Updated 16 February 2017

Diabetic products: beware of side effects

Many diabetics don't realise that some diabetic products taken together with prescription meds could interfere with blood glucose control and lead to hypoglycaemia, DietDoc warns.


Last week when we honoured World Diabetes Day I was made aware of how many non-prescription products people with diabetes tend to use. It is only human to seek help if your blood sugar levels keep on soaring above the required values and if you constantly gain or lose weight due to your diabetes.

A problem arises because most patients do not realise that many of the over-the-counter products they take together with their regular medications, may have what are called "additive effects". Such additive effects can make you feel very ill and cause problems, particularly at times when you have other mild illnesses such as colds or an upset tummy.

What is an additive effect?

According to medical dictionaries an additive effect is "an effect in which the two substances or actions used in combination produce a total effect that equals the sum of the individual effects".

So let’s say you can achieve a reduction in blood glucose values with Glucophage of X% and you now also take an over-the-counter product which may reduce your blood sugar levels by Y%, so that together these two products will lower your blood glucose by X% + Y% = Z%. Most diabetic and insulin resistant patients would think this is "wonderful!" and in some cases it may well be, but in many cases a reduction of Z% may be too much and plunge the patient into hypoglycaemia.

Symptoms of hypoglycaemia

As a diabetic, you have probably experienced the symptoms of hypoglycaemia more than once, but just to remind you how unpleasant and potentially dangerous this condition can be when your blood sugar levels plummet below the normal cutoff point, here is a typical list of hypoglycaemia symptoms:

a) Mild hypoglycaemia

  • shakiness, tremor
  • cold sweat
  • palpitations (irregular heartbeat or very fast heartbeat)
  • anxiety and irritability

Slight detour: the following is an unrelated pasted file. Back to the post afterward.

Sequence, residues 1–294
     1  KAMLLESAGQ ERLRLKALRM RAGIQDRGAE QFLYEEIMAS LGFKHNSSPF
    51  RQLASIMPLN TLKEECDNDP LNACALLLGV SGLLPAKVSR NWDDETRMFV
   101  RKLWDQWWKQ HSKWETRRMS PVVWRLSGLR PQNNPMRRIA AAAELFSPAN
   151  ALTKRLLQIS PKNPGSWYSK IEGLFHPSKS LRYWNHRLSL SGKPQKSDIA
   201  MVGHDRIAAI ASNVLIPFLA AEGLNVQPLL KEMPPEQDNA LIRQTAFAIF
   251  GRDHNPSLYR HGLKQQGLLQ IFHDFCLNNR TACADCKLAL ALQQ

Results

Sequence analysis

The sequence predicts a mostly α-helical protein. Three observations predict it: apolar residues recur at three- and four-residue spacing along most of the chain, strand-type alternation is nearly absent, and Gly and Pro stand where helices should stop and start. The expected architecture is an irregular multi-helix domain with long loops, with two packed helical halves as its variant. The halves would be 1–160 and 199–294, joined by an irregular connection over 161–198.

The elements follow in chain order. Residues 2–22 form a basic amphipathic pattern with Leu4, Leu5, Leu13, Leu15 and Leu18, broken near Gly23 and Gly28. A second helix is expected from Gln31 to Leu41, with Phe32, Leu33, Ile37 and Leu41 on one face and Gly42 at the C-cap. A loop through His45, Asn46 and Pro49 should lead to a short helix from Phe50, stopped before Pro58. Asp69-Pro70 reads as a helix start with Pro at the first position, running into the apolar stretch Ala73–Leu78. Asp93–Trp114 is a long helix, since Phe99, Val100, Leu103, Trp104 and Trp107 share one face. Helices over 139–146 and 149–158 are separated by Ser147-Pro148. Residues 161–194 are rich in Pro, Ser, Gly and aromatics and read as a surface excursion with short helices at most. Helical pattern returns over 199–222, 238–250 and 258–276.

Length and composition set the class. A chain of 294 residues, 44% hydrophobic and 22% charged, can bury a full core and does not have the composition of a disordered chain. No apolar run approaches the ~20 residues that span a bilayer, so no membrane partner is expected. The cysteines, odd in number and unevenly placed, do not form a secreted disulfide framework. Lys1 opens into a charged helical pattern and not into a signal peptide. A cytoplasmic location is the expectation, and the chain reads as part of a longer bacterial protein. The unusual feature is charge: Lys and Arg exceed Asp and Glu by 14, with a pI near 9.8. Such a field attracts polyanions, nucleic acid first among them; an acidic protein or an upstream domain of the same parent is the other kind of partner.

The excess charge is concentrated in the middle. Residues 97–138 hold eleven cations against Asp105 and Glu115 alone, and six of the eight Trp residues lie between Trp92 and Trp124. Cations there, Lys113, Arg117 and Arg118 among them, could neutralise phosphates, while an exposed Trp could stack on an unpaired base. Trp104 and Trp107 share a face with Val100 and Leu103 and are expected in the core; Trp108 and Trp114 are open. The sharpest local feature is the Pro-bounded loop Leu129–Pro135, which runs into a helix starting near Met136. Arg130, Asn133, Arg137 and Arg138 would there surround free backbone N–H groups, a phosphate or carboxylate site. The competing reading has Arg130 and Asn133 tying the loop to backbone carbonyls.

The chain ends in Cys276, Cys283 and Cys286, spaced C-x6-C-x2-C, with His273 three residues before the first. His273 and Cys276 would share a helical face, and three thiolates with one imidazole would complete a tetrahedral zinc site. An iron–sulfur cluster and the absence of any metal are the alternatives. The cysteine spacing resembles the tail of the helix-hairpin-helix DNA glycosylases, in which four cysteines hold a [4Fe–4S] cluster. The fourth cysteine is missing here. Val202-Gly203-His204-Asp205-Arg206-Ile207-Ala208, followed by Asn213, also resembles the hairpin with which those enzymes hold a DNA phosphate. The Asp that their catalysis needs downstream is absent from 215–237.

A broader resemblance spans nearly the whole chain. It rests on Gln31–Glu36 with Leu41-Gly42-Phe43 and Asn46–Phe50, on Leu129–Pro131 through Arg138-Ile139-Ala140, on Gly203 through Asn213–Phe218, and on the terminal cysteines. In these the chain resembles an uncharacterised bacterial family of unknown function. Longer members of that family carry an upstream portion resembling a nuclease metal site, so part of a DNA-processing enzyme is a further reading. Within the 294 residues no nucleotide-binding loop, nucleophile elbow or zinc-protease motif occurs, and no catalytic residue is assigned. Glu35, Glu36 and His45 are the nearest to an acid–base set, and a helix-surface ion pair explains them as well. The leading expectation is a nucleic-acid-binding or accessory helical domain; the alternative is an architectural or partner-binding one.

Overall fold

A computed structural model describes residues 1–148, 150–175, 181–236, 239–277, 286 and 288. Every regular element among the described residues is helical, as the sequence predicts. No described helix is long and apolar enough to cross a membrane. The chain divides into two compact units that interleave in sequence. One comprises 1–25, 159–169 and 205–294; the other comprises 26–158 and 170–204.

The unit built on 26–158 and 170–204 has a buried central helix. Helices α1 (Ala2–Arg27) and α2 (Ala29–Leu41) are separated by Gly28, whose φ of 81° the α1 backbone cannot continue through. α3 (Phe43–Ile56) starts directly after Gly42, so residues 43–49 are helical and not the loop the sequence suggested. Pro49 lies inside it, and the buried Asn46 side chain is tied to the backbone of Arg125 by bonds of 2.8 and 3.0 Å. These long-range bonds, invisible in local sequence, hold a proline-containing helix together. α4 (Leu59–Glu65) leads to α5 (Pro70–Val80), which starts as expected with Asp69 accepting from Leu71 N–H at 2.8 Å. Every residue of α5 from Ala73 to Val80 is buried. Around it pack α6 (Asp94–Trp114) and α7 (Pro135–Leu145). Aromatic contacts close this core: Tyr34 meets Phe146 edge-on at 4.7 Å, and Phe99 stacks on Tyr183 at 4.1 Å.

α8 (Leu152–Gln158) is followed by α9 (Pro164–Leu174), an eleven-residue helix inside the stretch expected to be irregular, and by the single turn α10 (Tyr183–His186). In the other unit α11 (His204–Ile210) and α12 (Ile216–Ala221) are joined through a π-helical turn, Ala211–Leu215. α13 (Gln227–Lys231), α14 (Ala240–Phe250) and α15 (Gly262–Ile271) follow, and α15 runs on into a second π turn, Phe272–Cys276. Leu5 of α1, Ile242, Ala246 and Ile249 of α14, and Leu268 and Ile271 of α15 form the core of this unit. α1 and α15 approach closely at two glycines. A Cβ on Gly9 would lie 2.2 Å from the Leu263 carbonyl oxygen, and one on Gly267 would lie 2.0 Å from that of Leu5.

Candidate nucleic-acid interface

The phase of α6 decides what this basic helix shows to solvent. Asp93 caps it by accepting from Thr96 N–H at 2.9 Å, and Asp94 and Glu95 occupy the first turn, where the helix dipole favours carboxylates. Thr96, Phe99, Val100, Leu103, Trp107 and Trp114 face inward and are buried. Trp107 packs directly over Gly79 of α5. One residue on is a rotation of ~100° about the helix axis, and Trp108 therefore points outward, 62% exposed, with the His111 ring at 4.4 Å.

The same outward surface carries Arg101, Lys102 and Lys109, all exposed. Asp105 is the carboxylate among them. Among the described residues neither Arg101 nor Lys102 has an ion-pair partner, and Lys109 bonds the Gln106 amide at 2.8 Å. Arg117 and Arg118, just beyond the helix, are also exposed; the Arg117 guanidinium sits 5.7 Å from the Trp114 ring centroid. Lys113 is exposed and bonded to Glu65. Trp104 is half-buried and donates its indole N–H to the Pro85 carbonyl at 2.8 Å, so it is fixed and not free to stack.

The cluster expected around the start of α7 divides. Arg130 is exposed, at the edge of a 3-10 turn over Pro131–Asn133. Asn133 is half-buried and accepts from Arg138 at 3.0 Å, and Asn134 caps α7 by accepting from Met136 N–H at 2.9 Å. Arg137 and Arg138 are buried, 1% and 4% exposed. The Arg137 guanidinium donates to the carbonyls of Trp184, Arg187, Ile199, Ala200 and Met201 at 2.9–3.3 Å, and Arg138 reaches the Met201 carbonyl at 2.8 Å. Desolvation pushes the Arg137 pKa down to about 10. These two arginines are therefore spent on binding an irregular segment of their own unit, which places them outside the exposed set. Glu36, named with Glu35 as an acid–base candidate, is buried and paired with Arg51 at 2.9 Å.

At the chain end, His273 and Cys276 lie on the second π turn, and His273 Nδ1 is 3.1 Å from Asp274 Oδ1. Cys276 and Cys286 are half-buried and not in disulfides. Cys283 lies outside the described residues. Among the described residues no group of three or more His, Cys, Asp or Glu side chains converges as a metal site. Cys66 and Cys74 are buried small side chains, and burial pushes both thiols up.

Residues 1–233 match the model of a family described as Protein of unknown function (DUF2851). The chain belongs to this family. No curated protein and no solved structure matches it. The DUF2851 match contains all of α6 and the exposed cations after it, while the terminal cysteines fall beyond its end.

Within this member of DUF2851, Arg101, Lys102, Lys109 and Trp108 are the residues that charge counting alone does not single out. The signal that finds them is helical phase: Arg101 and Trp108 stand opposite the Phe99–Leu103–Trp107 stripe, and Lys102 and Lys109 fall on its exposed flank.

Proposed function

• hunger

b) Pronounced hypoglycaemia

These symptoms occur when your brain is starved of glucose

  • slowing down of performance and problems with concentration and reading
  • mental confusion with disorientation
  • slurred or rambling speech
  • irrational or strange behaviour
  • exhaustion and listlessness
  • convulsions and loss of consciousness (coma)

(Mahan et al, 2011)

No one wants to experience this type of distress and loss of dignity, so please keep in mind that you may be causing your hypoglycaemia by overdosing with too many other antidiabetic products in addition to your standard diabetic medication.

Mild illnesses

Colds and upset stomachs (diarrhoea or vomiting) affect all of us and we can usually shake them off within a day or two. However, if you are diabetic and develop any condition that affects your appetite and prevents you from eating regular meals and you continue taking additional non-prescription antidiabetic medications you may well trigger a hypoglycaemic episode.

Hopefully you have read the package insert and patient information leaflet for your standard diabetic medication(s) and have discussed how it (they) should be used in all types of circumstances including when you are ill, when you have suffered trauma of any kind and when you do strenuous exercise or when you travel and may find it difficult to have regular meals.